Hope in 2020

Hope has been hit hard in 2020.  As a typically optimistic person I find myself struggling to maintain hope more than any other year of my life. Isolation caused by COVID, racial disparities in our country, multiple natural disasters, and a national election that is causing great division, have all contributed to my loss of hope.

As a therapist, I have worked with more suicidal clients this year than any other year. Holding my client’s despair and my own has been a challenge to navigate.  Walking with others in the dark valley of the shadow of death while feeling my own anxiety, despair, and hopelessness, is pushing me to care for myself and search for hope in new ways.

During this year, as I tended to my own depression, I became concerned for those who were struggling with depression and anxiety before 2020.  For those struggling before COVID there is a heavier weight to bear. The bleakness of this season sadly has cost not only over 200,000 lives to COVID, many to racial conflict, but countless to overdoses, suicide and heart attacks. We will not know the total combined casualties of this season for some time.

The events of 2020 have stripped away many of our strategies for coping. Strategies that we have come to depend on. The lack of access to our normal routines for exercise, social and spiritual connection, and play, have heightened our sense of hopelessness. Our resiliency as a nation and as individuals is being tested.

In order to continue to find hope and resiliency in a season that is relentless and unpredictable it is important to be able to find “the ground”.  Typically, when life is “normal,” we have emotional ups and downs but we tend to not lose our footing, some people call this feeling grounded.  I often explain to my clients how waves of emotions tend to upend us emotionally and send us spinning end over end into despair and hopelessness.

In order to be grounded, it is important to have some context for what we are going through so that we actually know what and where the ground is.  Collectively, worldwide, we are living through sustained trauma.  Sustained trauma is a long-term traumatic event that occurs over a period of time. This trauma began with COVID clear back in February and March and continued to add new layers through traumatic moments around race, politics and natural disasters. These have added to the chaos and affected each of us individually and as a group.

To further understand being grounded, it is important to understand trauma. Many people have described trauma with a capital “T” Trauma and lower case “t” trauma.  Capital “T” traumas are those big upending events that are often markers in our stories that are easy to point to and impact us significantly. Lower case “t” traumas are small experiences that we may not always be able to articulate, those times when our needs aren’t met, where we are hurt emotionally over and over in a covert way that is hard to see the impact of. Every human has both “T” and “t” trauma in their story whether they recognize it or not. When a new trauma occurs in our life it is like a rock being thrown into the water and it stirs up all of our past “T” and “t” traumas.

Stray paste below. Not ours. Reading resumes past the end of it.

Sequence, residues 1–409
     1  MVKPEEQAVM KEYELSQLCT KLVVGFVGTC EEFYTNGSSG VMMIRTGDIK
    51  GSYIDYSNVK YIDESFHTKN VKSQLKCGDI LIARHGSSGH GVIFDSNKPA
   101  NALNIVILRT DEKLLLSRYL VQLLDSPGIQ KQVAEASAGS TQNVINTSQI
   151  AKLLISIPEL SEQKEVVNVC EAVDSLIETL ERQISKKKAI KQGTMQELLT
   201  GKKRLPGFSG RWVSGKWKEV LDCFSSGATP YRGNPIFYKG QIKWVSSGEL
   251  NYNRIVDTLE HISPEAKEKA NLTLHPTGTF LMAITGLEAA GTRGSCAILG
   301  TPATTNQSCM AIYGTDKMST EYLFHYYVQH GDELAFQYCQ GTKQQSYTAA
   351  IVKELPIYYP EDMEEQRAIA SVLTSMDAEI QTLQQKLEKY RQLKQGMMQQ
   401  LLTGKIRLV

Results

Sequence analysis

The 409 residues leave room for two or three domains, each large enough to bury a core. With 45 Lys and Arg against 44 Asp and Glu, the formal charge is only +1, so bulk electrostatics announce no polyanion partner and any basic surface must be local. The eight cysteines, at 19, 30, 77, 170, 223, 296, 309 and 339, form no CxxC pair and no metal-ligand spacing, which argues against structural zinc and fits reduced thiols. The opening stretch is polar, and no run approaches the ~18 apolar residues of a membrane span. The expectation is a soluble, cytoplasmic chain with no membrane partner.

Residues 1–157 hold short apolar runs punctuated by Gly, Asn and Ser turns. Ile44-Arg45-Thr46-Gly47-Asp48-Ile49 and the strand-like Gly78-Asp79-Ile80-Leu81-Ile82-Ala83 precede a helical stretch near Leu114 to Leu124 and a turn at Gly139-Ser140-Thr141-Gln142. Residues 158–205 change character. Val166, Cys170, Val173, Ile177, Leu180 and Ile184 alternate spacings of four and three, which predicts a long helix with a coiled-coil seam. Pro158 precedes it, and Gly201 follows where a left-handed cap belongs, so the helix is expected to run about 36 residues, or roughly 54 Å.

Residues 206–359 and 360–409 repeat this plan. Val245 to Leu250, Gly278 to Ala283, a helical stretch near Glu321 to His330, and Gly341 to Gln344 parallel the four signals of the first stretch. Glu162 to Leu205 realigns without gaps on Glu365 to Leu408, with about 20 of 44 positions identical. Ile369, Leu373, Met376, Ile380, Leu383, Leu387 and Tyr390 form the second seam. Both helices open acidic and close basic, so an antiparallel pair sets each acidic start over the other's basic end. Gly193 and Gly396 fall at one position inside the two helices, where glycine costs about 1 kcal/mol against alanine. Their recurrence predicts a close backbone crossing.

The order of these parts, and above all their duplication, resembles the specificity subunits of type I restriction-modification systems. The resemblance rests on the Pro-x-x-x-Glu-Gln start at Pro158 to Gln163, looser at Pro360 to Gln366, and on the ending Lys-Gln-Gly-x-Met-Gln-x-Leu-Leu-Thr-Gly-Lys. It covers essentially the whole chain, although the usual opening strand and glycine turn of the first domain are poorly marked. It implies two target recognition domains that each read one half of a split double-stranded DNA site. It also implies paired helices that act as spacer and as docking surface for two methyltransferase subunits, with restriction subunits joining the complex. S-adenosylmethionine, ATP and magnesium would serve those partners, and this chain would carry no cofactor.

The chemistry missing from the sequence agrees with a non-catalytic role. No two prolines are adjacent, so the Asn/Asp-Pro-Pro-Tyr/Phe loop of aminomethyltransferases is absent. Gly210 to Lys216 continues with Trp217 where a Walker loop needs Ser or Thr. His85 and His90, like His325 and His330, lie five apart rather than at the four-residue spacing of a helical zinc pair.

So here we are in 2020, collectively, worldwide, all experiencing a sustained trauma. This means that every person in the world whether they recognize it or not is experiencing their individual “T” and “t” trauma being stirred back up and it is causing a reaction, most likely behavior changes or big emotions.  If you have done work around the trauma in your story you may have awareness of this and be able to tend to it, but it is still taking a big toll. 

If you have yet to do the work of exploring the trauma in your story, you may find yourself perplexed by your own behaviors, emotions, or growing depression and anxiety. 

One thing I can guarantee, whether you see it in yourself or not, you are seeing this on a massive level when you interact with others.  Many have described this season as the world being on fire.  As a therapist I see it as every individual, including myself, at times acting out in unpredictable ways.  We are living in a world full of people reacting out of their trauma.

Understanding that the chaos we feel is due to sustained trauma enables us to make sense of the chaos instead of getting lost in it. We are able to put into context the bizarre behavior of someone online calling us names or saying something untrue about us.  We realize the person yelling at someone about mask wearing, perhaps, has something being triggered in their own story and is feeling unsafe or threatened.  The work we do to not internalize others behavior as an attack, helps keep chaos at bay and keep us grounded. This starts by considering how trauma is affecting others and our self.

Beyond contextualizing behavior in the frame of sustained trauma, each person must work to build new routines and ways of self-care.  As a part of a community we can do this work for ourselves and for those who are not able to fight the levels of despair alone.  As flight attendants remind us, in an emergency, we must first put on our own oxygen mask, then assist others. 

The “Breakdown”

This means you must first attend to your need for care. Asses your “T” and “t” traumas, and how they are being stirred up.  You may need to find a therapist or counselor to help walk through this step.  Next, pause and breathe. Practice exercises that calm your body and regulate anxiety that is impacting you.  Finally, be creative as you find new rhythms of relaxation, play, and spiritual and social connection.  Then, when you have your oxygen mask on, look to those around you who are struggling.  Only then, as a community, will we battle the ugliness of hopelessness and despair together. 

-By Kali Jensen, LMHCA
October 15, 2020